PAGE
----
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Methods Find Exp Clin Pharmacol. 2002 Dec;24(10):675-80.

Pharmacological studies on Myristica fragrans--antidiarrheal, hypnotic, analgesic and hemodynamic (blood pressure) parameters.

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1
Department of Pharmacology, All India Institute of Medical Sciences, New Delhi, India. jkgrover@hotmail.com

Abstract

Recurrent diarrhea is prevalent in developing countries, particularly in tropical regions. A natural based antidiarrheal home remedy can serve as an ideal health tool to limit diarrhea-related morbidity and mortality. In the traditional Indian medical science of Ayurveda, nutmeg is one such plant said to possess antidiarrheal activity. A study was therefore planned to assess the various pharmacological effects (antidiarrheal, sedative, analgesic and blood pressure) of nutmeg. Both Nutmeg crude suspension (NMC) and petroleum ether (PE), but not aqueous extract (Aq), decreased the mean number of loose stools or increased the latency period. NMC increased intestinal tone while PE had no such effect. PE had no effect on guinea pig ileum, but inhibited the contraction produced by acetylcholine, histamine and prostaglandin. NMC but not PE extract showed a significant but weak analgesic effect. While PE effectively potentiated both phenobarbitone and pentobarbitone-induced sleeping time, NMC was considerably less effective. NMC administered intraduodenally did not produce much effect on blood pressure (BP), but potentiated the action of exogenously administered adrenaline and nor-adrenaline. On the other hand, PE in higher, but not lower, doses caused a precipitous fall in BP not blocked by atropine. Thus, overall extracts of nutmeg showed a good antidiarrheal effect, with a significant sedative property. The extracts possessed only a weak analgesic effect, with no harmful effects on blood pressure and ECG.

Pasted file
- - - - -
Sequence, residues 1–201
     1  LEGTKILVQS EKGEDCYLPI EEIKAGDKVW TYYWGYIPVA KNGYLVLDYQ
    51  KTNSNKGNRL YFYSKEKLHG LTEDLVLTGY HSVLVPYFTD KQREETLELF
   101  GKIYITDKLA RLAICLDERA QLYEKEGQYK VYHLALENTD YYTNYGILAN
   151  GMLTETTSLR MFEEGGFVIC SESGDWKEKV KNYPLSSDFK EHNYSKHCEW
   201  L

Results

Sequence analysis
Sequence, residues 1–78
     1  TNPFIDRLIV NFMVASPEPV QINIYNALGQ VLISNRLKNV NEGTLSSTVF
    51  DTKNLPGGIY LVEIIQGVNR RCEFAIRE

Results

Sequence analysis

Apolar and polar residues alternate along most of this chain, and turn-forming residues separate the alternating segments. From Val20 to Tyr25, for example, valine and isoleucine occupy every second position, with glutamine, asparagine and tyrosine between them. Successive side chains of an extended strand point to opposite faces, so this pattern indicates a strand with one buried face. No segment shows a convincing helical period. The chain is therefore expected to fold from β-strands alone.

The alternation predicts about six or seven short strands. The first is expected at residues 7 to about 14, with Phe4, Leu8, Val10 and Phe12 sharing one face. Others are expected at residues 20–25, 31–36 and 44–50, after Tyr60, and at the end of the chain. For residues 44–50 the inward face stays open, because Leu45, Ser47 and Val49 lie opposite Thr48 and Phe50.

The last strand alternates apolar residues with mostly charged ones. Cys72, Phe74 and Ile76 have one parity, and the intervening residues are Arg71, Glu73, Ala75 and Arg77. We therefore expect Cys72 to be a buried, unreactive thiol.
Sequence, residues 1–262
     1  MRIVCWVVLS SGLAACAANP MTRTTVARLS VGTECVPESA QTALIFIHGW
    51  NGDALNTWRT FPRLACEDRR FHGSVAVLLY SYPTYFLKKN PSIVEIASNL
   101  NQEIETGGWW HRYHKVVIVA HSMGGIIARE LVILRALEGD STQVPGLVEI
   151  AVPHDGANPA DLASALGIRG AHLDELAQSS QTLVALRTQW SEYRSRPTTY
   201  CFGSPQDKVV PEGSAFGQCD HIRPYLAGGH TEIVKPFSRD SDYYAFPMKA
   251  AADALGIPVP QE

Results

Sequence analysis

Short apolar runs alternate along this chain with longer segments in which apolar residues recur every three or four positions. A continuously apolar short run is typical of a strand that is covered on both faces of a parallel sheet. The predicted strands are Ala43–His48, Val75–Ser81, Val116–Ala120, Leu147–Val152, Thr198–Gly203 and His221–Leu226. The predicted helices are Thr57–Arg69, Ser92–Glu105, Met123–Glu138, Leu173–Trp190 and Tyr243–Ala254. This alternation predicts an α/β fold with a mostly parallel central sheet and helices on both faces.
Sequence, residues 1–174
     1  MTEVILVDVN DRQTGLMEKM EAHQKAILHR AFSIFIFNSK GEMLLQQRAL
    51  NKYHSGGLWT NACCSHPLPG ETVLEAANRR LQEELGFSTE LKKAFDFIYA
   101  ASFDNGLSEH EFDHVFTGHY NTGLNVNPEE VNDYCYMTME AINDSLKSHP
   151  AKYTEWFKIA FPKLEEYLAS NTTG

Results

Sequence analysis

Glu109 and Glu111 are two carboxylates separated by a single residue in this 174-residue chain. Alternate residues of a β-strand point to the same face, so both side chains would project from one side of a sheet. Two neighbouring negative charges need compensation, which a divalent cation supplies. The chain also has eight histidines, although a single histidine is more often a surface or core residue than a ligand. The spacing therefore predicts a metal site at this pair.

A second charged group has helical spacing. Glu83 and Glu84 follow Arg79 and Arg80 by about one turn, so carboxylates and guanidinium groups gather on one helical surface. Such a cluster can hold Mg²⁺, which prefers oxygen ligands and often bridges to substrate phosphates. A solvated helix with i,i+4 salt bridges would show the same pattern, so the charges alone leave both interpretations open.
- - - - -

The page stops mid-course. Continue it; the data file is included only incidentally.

PMID:
12616960
[Indexed for MEDLINE]

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